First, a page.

Officials at the University of California, San Diego, have withdrawn a request to the federal government to rebury 10,000-year-old skeletal remains unearthed on UCSD property.But it all boils down to how to define cultural affiliation. The UC system, actually, has an extensive procedure in place to determine cultural affiliation (this bit from a story from Nature):
The bones were found in 1976 near the chancellor's house in San Diego, and they're even "older and better preserved" than Kennewick Man, says UCSD anthropologist Margaret Schoeninger. In 2006, the local American Indian group, the Kumeyaay nation, requested the bones for reburial. Two university committees ruled against the request, saying there is no evidence of cultural affiliation with living groups, as the federal Native American Graves Protection and Repatriation Act (NAGPRA) requires. Nonetheless, UCSD officials decided to hand over the bones.
Now they've withdrawn that request--not because of loud protests that came from anthropologists but because the Kumeyaay don't like the wording, according to a UCSD statement. Kumeyaay leaders objected last week to UCSD's calling the remains culturally unidentifiable--an acknowledgment that could hurt their cause in this and future cases before the NAGPRA review committee, which meets in Seattle, Washington, in May.
It seems that from a scientific perspective, its not looking good for the tribes:
Currently, decisions about cultural affiliation are made by a panel of scientists - typically including a Native American - at each campus. Campus actions are then reviewed by a nine-person University of California panel, which includes two Native Americans, before a final decision is reached. But in September, the office of Mark Yudof, the president of the University of California, initiated discussions about possibly eliminating the system-wide committee.
Four prominent University of California anthropologists wrote a letter to Yudof on 30 September, strenuously objecting to the proposed change. They include Phillip Walker and Michael Glassow of the University of California, Santa Barbara; Robert Bettinger of the University of Californa, Davis; and Philip Wilke of the University of California, Riverside. “It is counterproductive to devolve final decision-making authority to the often inexperienced and legally ill-informed level of the local campus,” says the letter. In an interview, Bettinger said that the system-wide panel serves as a vital form of peer review.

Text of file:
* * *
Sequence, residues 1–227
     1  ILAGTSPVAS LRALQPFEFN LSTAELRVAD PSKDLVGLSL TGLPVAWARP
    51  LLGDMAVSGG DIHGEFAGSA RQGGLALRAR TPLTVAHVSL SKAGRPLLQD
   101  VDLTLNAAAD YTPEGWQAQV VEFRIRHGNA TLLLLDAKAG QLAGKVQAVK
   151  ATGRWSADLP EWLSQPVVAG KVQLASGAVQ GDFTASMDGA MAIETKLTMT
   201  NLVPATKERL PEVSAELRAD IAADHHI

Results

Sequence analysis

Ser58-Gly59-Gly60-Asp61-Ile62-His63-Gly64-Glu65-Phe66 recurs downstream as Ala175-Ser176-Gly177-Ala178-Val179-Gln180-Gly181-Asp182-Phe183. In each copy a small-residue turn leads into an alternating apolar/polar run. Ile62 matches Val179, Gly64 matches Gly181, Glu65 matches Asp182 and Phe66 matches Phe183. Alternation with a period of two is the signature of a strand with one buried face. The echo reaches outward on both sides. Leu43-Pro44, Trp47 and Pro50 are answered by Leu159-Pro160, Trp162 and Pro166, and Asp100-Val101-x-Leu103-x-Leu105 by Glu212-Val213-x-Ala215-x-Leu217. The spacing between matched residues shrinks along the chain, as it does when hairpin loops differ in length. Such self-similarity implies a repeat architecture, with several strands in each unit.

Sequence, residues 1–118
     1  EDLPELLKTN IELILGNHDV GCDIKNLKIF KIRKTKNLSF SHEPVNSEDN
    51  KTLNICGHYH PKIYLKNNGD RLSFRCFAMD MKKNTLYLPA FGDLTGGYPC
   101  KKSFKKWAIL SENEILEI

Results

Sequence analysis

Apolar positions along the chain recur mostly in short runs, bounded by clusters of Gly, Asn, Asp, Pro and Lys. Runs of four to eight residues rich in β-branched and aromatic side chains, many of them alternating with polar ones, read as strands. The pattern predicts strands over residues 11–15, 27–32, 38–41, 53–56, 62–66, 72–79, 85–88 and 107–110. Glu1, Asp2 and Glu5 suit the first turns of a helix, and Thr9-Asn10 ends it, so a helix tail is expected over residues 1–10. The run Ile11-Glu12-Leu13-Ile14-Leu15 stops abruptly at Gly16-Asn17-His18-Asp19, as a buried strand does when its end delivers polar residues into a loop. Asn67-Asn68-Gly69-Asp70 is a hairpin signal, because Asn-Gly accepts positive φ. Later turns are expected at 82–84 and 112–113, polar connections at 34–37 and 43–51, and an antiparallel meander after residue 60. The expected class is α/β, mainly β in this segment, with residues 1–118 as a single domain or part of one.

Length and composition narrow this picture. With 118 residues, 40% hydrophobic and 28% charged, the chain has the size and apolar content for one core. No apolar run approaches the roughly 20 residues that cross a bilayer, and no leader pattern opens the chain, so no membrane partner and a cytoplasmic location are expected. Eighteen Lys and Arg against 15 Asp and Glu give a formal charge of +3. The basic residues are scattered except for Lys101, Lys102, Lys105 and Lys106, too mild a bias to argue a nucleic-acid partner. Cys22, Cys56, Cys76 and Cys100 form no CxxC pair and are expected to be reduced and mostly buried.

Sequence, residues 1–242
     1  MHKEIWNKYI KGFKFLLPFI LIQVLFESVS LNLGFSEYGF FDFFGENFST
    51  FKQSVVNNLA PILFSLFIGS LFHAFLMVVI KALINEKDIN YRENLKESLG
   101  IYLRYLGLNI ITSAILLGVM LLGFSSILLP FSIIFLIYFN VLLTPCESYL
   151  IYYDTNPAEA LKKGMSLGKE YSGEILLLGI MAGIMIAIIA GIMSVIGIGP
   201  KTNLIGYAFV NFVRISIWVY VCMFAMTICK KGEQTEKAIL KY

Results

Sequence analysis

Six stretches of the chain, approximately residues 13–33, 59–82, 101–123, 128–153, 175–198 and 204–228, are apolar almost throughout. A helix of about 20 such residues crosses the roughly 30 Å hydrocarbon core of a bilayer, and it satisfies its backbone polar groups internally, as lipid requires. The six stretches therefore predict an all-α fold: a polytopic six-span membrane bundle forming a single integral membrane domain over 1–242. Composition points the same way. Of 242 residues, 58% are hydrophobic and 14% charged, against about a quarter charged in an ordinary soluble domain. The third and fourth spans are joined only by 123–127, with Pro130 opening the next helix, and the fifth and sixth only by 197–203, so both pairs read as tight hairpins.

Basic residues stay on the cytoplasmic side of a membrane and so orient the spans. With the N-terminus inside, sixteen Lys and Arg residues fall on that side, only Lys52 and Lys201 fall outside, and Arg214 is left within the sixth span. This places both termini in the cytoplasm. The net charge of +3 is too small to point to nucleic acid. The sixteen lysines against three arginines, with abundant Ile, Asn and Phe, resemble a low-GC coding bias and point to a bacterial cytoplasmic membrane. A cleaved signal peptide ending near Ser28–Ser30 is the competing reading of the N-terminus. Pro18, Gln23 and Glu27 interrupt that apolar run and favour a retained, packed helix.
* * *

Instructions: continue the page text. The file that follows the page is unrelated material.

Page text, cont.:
Schoeninger, co-director of the UCSD Working Group that reviewed the original request, reported at the annual meeting of the American Association of Physical Anthropologists in Chicago, Illinois, last week that her lab's analysis of the bones indicated a marine diet, suggesting the bones were from coastal inhabitants rather than from the desert-dwelling Kumeyaay. Besides, she says, other evidence suggests the Kumeyaay moved into the region just 2000 years ago.So we come back to the issue of evaluating these claims. If we talk purely about evidence, then sure enough, science presents a clear cut case: the bones could not possibly be of any ancestor of Kumeyaay tribe. However, values associated with cultural stories often move beyond the simple accuracy of claims, and are usually tied to the very identity of the tribe itself. I have my sympathies with the scientists - there is a lot to learn from the skeletal remains - but we must also understand and acknowledge the loss for the tribe.